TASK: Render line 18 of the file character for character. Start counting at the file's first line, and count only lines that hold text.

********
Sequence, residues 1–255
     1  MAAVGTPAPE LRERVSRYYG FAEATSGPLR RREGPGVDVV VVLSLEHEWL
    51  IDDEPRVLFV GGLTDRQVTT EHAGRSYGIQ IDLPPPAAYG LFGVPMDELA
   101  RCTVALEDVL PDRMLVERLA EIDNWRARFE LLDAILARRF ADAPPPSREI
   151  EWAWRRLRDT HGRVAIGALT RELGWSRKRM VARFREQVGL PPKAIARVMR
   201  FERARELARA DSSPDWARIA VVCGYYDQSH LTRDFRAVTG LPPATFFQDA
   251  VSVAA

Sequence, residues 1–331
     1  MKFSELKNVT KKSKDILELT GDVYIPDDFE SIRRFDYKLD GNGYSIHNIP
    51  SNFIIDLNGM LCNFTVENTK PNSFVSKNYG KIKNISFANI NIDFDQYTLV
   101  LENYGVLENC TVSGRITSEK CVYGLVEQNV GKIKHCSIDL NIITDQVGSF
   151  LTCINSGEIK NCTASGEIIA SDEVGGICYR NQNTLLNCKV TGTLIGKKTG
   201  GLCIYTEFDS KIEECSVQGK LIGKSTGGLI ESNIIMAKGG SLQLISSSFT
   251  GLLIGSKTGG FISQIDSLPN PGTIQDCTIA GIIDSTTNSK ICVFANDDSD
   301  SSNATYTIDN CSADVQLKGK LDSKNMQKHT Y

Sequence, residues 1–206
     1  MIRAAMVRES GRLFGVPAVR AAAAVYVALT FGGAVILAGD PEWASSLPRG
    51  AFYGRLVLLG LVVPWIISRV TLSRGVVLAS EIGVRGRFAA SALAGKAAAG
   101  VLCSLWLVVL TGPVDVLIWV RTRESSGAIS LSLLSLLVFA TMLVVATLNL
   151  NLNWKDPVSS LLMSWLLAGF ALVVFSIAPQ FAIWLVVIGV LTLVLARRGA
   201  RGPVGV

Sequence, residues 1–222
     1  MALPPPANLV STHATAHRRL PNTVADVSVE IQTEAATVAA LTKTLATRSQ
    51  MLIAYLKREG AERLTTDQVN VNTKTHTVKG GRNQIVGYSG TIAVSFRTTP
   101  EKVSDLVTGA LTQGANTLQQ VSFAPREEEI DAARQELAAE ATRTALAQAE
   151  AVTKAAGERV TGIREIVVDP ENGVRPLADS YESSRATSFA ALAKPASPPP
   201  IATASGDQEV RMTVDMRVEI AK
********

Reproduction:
    51  AFYGRLVLLG LVVPWIISRV TLSRGVVLAS EIGVRGRFAA SALAGKAAAG